Alzheimers DiseaseInfo Center

Nuts and Olive Oil Might Be Brain Boosters
The Mediterranean diet — with its vegetables, fruits, beans, lean meat and fish — may be heart-healthy. Add nuts and olive oil to the mix, and the brain may also get a lift.
What Arts, Crafts and Computer Use Might Do for Your Mind
Book clubs, painting classes and computer games are just a few fun ways to spend retirement. And such mind-engaging activities may also do wonders for older people's mental health.
These Medications Posed Risks for Dementia Patients
Treating and caring for patients with dementia is often difficult, and medications are seen as a way to help manage behavior. What happens when those medications may also pose health risks?
How Your Gender Could Affect Your Brain Health
In the search for what causes and signals Alzheimer's disease, scientists have often looked to genes. New evidence, however, points to gender.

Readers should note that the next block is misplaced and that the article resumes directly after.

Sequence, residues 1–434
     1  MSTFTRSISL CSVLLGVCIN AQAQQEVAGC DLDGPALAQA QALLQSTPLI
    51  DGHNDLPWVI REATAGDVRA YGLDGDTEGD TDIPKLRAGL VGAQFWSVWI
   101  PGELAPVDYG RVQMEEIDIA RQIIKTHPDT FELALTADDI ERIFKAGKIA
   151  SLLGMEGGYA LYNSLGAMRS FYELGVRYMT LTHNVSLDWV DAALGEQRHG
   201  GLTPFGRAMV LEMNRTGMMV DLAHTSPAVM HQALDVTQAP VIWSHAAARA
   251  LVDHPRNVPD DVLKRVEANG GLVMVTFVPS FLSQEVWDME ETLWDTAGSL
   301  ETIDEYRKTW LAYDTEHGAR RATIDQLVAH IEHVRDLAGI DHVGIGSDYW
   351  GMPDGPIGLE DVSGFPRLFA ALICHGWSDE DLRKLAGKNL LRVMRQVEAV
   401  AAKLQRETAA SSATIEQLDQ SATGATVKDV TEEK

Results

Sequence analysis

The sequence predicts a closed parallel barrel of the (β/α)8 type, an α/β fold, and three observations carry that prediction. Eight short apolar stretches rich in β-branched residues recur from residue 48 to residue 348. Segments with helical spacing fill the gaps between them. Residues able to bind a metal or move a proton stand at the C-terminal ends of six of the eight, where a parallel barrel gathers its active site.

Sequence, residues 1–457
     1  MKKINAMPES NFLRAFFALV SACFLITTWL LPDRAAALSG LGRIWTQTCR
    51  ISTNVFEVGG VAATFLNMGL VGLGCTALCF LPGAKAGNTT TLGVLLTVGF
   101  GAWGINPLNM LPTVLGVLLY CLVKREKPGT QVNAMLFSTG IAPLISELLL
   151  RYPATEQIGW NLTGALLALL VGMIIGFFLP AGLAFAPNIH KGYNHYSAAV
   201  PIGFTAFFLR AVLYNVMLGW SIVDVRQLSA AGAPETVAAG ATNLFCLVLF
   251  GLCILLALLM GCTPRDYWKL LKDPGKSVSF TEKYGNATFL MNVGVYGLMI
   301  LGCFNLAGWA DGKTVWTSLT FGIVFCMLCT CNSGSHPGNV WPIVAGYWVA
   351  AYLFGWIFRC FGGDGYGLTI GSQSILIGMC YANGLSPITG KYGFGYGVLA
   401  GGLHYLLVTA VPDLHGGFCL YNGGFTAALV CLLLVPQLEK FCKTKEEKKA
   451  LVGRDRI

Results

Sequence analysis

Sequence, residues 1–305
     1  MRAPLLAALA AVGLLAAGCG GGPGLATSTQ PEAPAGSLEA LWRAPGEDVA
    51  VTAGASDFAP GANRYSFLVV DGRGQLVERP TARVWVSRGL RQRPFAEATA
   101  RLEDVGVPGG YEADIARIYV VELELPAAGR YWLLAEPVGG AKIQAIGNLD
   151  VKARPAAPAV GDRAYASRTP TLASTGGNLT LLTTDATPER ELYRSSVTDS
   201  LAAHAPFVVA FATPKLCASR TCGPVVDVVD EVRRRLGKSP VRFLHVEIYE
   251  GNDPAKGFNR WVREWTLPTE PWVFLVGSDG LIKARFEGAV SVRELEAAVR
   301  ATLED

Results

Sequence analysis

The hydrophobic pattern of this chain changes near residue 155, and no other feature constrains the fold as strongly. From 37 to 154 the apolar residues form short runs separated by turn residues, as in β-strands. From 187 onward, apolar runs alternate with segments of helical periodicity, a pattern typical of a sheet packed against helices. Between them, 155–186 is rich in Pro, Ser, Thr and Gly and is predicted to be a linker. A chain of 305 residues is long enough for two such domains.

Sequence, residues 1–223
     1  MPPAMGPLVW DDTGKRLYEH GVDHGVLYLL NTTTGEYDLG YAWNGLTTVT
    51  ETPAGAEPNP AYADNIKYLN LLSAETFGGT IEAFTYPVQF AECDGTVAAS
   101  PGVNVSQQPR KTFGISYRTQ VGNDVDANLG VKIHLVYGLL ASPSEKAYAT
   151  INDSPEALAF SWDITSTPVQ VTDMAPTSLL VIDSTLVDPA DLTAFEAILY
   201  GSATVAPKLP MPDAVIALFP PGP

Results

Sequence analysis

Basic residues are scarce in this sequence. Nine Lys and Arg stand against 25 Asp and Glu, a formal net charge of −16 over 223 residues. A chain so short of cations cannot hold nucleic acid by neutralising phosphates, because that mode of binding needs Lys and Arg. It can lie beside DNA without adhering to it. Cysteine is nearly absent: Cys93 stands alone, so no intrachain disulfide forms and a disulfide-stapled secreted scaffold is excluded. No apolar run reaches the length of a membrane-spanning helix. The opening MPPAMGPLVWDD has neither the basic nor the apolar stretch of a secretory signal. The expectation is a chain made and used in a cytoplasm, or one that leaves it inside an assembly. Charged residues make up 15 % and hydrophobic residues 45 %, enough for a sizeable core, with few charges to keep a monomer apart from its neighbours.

Anticholinergics May Carry Surprising Risk for Older Adults
Medications for allergies, depression and incontinence can be lifesavers. However, they may have some surprising effects on mental health.
These Unexpected Symptoms May Signal Alzheimer's
Conventional wisdom holds that Alzheimer's starts with small memory slips — but new evidence suggests that other mental health symptoms may signal this disease.
Better Sleep for a Stronger Mind
A good night’s rest may not only make you less groggy — it could also prevent a more serious brain drain. Those who get enough deep sleep may be less likely to develop dementia.
Without Proper Control, Diabetes May Lead to Mental Decline
In middle age, taking care of yourself now could mean avoiding a health crisis later — and that may go double for diabetes patients. Middle-aged diabetes patients may have a raised risk for mental decline later in life.
Coffee Buzz May Keep Minds Sharp
Reducing your risk for Alzheimer’s may be as simple as enjoying a few cups of coffee each day.
Many Dementia Patients Were Never Screened
Getting early treatment for dementia can improve patients' health. Many people, however, aren't getting screened for the disorder in the first place.